In a case that could have far-reaching legal implications, an infamous former paramilitary commander of Colombia’s once-feared right-wing self-defense forces has formally been charged with sexually abusing minors.
Colombia's Attorney General's Office announced the charges on September 8 after several months of investigating Hernán Giraldo Serna, alias "El Taladro” (The Drill), a former commander with the so-called Tayrona Resistance Bloc of the United Self-Defense Forces of Colombia (Autodefensas Unidas de Colombia - AUC).
SEE ALSO: The Paramilitaries and Sexual Violence in the Caribbean Coast of Colombia
"The evidence collected by the Colombian Attorney General's Office indicates that at least four minors were exploited and tricked into [going to] detention centers located in [the departments of] Antioquia and Atlántico, where Giraldo was detained between February 2006 and May 2008," prosecutors stated.
Importantly, the Attorney General’s Office said these were crimes against humanity, a distinction that could open the door to prosecutions of other war criminals for similar offenses. Giraldo was also charged with violent sexual assault, human trafficking, and forced abortion.
InSight Crime Analysis
The designation of Giraldo's acts of sexual violence as crimes against humanity is significant because by designating this as a war crime, it is saying there is no statute of limitations on such offenses.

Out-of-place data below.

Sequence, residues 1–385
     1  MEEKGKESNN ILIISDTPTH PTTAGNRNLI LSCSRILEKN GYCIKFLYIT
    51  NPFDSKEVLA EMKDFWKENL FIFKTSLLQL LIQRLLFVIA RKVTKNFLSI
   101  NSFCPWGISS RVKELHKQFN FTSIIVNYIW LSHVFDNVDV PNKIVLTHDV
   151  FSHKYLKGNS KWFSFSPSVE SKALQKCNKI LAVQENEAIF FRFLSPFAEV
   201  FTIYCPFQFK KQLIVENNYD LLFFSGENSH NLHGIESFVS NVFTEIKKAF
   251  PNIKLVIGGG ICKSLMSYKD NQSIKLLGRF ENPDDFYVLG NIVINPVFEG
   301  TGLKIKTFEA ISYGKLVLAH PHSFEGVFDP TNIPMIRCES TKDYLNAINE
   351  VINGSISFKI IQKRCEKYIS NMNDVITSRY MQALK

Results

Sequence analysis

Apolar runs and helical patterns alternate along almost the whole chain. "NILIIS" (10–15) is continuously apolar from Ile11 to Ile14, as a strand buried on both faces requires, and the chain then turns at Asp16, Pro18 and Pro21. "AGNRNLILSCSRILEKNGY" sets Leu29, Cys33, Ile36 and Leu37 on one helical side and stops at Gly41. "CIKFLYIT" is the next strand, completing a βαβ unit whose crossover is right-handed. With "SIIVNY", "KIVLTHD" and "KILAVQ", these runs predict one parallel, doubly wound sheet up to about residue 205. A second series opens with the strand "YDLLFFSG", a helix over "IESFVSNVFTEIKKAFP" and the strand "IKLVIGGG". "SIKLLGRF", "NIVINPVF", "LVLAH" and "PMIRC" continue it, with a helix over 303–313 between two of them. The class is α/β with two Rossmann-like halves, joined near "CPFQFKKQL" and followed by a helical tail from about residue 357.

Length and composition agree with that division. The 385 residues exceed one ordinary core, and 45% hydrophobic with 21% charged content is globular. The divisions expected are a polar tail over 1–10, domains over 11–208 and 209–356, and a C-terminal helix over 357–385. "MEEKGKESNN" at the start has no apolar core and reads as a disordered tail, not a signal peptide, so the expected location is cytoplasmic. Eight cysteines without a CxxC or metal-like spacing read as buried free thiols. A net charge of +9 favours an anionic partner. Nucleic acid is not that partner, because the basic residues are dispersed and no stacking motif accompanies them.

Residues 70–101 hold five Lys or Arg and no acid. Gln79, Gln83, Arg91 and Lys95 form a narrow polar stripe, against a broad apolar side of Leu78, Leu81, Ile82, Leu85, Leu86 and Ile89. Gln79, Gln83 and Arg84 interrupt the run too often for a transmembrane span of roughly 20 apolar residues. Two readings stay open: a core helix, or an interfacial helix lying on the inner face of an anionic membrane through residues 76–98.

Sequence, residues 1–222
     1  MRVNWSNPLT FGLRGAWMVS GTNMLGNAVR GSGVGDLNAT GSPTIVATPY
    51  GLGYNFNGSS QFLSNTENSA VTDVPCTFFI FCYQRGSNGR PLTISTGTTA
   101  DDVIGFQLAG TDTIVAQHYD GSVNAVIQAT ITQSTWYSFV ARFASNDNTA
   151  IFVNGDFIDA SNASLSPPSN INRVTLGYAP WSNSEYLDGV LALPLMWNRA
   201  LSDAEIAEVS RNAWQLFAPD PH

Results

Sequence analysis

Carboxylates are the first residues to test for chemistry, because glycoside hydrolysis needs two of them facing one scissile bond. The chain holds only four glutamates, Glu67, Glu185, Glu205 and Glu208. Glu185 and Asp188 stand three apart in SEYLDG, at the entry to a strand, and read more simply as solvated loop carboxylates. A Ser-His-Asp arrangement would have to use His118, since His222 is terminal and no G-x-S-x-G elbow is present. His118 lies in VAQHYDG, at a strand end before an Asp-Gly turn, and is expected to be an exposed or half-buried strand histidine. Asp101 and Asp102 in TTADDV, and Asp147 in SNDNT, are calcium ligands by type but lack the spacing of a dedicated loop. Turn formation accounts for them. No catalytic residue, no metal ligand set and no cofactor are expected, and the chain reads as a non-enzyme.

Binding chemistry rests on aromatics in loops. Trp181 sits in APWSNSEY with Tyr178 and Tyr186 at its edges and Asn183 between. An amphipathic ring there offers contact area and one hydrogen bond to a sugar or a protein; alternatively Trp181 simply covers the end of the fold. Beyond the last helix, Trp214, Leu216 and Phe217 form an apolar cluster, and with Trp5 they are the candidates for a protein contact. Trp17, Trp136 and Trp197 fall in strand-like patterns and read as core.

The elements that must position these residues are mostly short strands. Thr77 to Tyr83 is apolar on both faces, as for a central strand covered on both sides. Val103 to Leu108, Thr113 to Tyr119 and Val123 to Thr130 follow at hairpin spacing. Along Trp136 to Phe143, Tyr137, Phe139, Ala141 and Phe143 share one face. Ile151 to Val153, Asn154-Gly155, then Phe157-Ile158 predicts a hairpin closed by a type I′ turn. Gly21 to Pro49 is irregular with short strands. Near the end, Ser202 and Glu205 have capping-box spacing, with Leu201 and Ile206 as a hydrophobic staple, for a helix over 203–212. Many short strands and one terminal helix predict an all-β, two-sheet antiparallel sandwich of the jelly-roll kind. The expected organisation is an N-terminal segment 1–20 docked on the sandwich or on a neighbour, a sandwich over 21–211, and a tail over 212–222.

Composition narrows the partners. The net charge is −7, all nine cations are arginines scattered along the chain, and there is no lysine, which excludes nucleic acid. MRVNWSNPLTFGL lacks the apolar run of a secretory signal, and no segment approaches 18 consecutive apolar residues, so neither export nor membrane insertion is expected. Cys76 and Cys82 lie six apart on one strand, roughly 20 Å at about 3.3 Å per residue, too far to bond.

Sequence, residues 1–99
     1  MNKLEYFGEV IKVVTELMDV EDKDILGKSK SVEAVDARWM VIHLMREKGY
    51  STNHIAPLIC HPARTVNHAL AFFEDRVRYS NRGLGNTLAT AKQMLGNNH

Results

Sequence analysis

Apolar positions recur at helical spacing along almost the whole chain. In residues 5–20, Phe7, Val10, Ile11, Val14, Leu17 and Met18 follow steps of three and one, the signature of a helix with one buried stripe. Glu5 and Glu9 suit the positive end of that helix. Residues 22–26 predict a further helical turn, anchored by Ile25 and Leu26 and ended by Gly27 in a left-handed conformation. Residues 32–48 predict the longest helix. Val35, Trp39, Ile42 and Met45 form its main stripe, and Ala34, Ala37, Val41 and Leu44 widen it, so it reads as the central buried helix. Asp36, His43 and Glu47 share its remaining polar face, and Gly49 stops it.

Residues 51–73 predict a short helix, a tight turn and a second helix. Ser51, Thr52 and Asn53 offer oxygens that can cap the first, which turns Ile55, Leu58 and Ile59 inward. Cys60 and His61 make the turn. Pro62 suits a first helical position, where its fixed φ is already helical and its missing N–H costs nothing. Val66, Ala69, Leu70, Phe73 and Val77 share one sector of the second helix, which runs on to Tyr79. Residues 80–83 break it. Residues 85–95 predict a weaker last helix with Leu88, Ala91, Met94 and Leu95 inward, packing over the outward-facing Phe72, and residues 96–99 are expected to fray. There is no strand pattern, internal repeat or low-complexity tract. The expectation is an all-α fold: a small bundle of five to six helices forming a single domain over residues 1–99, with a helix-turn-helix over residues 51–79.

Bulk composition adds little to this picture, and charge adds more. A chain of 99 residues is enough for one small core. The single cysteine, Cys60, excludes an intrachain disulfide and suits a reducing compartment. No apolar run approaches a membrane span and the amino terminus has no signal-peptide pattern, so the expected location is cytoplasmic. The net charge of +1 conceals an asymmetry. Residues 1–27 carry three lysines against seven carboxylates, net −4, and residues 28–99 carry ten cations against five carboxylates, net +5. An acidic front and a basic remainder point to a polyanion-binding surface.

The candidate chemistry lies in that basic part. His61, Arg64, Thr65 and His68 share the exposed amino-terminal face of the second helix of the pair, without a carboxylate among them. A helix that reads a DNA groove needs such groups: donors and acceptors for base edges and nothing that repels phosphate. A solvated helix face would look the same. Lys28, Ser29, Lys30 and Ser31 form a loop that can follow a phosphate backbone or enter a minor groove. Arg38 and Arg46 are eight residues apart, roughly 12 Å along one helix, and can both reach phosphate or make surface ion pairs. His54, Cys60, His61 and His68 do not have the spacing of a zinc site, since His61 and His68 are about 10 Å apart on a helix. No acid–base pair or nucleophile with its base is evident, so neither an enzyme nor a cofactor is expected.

The cases of sexual violence Giraldo has been charged with were not the only abuses he is believed to have committed. Giraldo, also known as Colombia's "biggest predator," allegedly committed more than 200 rapes of young girls during his paramilitary command.
From the 1980s until his demobilization in 2006, Giraldo and his men dominated the Sierra Nevada of Santa Marta on Colombia's Caribbean coast, in large part through the alleged systematic abuse of girls and women.
Indeed, sexual violence was the weapon of war used by Giraldo and his group to control territory and perpetuate their criminal empire, as InSight Crime documented in an in-depth investigation.
Still, it's not clear if these additional criminal cases will be litigated since Giraldo was already sentenced for these and other crimes in 2018 through Colombia’s Justice and Peace courts, which handle crimes committed by demobilized paramilitaries.
Nonetheless, the decision sets a precedent that would ensure these types of crimes -- committed on a large scale during the conflict -- can be litigated for other alleged war criminals. Other investigations carried out by organizations like the Truth Commission, the body in charge of investigating and exposing abuses committed during the conflict, chronicled the use of sexual violence by armed actors.
“We [the commission] observed that paramilitaries in particular, and especially those fronts located in the Caribbean, [and the departments of] Meta and Putumayo, used sexual violence to threaten people and deprive them of their land. There was an intentionality behind sexual violence [that was] linked to territorial control for the benefit of economic and political interests," Truth Commissioner Alejandra Miller told InSight Crime.
What's more, if convicted, Giraldo would lose the benefits of the Justice and Peace Law, which granted him lighter sentences of up to eight years in prison, and would instead be tried by the ordinary justice system.